The five most memorable sporting events I attended in 2018:
5) Redbirds 4, Oklahoma City 3 (September 9) — There are no analytics that measure The Stubby Touch. But it was on full display in Game 4 of the Pacific Coast League semifinal series between the Redbirds and Oklahoma City Dodgers. Leading the series two games to one, with a chance to advance to a second straight championship series, the Redbirds fell behind, 3-1, in the top of the 10th inning (in a game scheduled for seven innings as part of a potential doubleheader). With two outs and two strikes, Alex Mejia drilled a line drive single just over the glove of the Dodger second baseman to drive in the tying run. An intentional walk to Max Schrock ensued and forced Memphis manager Stubby Clapp to send his pitcher to the plate, having exhausted his supply of bench players. Giovanny Gallegos clubbed a ball into the left-centerfield gap for the series clincher. It was his second at-bat in seven professional seasons. The Stubby Touch.
4) Tigers 52, Houston 31 (November 23) — Teams that start league play 1-3 are not supposed to play for a conference championship. But thanks to help from other middling teams in the American Athletic Conference’s West Division, the Tigers found themselves playing favored Houston for a chance to face undefeated UCF in the AAC title game. The Tigers’ incomparable running-back duo of Darrell Henderson (178 yards, two touchdowns) and Patrick Taylor (128 yards, two touchdowns) were too much for the Cougars. Three of the tandem’s four scores came in the fourth quarter after Houston had tied the game at 31. Oh, and Tony Pollard was there with 116 receiving yards, 83 on the ground, and a 37-yard kickoff return. Stars were shining this Friday afternoon at the Liberty Bowl, and Memphis indeed clinched a second straight division crown.
3) Tigers 76, Tennessee Tech 61 (November 6) — I’ve sat courtside at Memphis Tiger basketball games for the better part of two decades. I’ve been able to read tattoos on the likes of Derrick Rose and Will Barton, hear the screams of John Calipari and the cheers (alas, too infrequent) of Donna Smith. But on this night, I confess to staring more than a sportswriter should during game action. For there on the Tiger sideline — finally, after making us wait more than seven months! — was coach Anfernee “Penny” Hardaway. The announced crowd (15,231) made it feel like a major conference clash in late February, and not merely Tennessee Tech on the other bench, the Tiger football season still going strong. Senior forward Kyvon Davenport scored 30 points and grabbed 10 rebounds to help Memphis win Penny’s first game as a college coach. But the star of this show was wearing a coat and tie, a new era dawning only a few feet from where I sat.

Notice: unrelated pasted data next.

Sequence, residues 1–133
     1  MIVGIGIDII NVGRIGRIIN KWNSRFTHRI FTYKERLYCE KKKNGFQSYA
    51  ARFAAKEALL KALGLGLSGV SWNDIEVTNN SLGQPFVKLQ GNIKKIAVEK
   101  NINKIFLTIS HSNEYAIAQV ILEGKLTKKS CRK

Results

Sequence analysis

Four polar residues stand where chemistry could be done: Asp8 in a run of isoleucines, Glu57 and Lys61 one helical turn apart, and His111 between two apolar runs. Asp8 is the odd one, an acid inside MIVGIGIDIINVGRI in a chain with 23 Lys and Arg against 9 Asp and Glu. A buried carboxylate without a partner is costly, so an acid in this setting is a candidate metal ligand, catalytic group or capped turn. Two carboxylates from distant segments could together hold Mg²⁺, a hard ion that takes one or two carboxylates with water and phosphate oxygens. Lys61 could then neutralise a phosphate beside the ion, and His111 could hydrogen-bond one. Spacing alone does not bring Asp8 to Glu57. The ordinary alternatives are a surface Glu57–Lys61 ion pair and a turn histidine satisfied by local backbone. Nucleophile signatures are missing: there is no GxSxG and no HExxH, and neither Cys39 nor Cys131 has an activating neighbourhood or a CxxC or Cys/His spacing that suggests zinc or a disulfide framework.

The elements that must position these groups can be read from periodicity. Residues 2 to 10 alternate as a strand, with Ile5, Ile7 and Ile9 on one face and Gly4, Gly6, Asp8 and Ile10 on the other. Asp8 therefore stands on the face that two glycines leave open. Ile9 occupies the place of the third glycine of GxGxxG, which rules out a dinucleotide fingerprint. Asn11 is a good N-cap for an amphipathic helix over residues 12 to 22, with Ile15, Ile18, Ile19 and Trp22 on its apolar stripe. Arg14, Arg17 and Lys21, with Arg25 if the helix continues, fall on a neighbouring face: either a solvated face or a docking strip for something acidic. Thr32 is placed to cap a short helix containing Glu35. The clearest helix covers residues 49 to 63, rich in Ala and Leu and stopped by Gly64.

2) Redbirds 5, Fresno 0 (September 15) — Randy Arozarena drilled a three-run homer in the first inning and a two-run bomb in the eighth. Jake Woodford pitched seven shutout innings. And the Memphis Redbirds clinched their second straight PCL title (and first at AutoZone Park since 2000). Despite suiting up 66 players over the course of the season and sending only two position players — Wilfredo Tovar and Tommy Edman — to the field with 2017 championship credentials, Memphis ended another season with champagne showers. Having won Game 3 with the first squeeze play of their season (Mejia drove in Edman), the Redbirds made the celebration seem almost formulaic.
1) St. Jude Marathon (December 1) — If you don’t get a lump in your throat at the sight of thousands of runners on Riverside Drive — all for the kids at St. Jude Children’s Research Hospital — your throat isn’t designed properly. My wife, Sharon, ran this year’s marathon, her first (at age 50). Attending a marathon as a spectator is somewhat similar to a golf tournament except the athletes are, you know, running
. I caught a glimpse of Sharon (she claims she saw me) on Front Street, early in the race. Then I did my own jogging, first to Riverside (around mile 7), then to Carolina Avenue. From there, I drove to Midtown, where I saw her closing in on mile 20 on North Parkway. All the while, other spectators ringing bells, flashing signs of support, and calling these runners what they are: heroes. It’s the single greatest sports day in Memphis, Tennessee, and may not need the “sports” qualifier.